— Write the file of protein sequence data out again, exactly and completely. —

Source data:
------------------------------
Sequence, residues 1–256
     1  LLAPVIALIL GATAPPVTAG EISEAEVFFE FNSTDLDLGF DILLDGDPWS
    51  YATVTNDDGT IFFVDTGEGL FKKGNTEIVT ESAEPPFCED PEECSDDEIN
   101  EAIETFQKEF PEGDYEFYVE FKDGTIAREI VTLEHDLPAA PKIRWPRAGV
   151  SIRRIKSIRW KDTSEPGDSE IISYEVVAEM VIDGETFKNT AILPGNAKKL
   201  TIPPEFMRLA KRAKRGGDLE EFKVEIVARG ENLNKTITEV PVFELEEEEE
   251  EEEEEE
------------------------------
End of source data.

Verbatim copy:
Sequence, residues 1–256
     1  LLAPVIALIL GATAPPVTAG EISEAEVFFE FNSTDLDLGF DILLDGDPWS
    51  YATVTNDDGT IFFVDTGEGL FKKGNTEIVT ESAEPPFCED PEECSDDEIN
   101  EAIETFQKEF PEGDYEFYVE FKDGTIAREI VTLEHDLPAA PKIRWPRAGV
   151  SIRRIKSIRW KDTSEPGDSE IISYEVVAEM VIDGETFKNT AILPGNAKKL
   201  TIPPEFMRLA KRAKRGGDLE EFKVEIVARG ENLNKTITEV PVFELEEEEE
   251  EEEEEE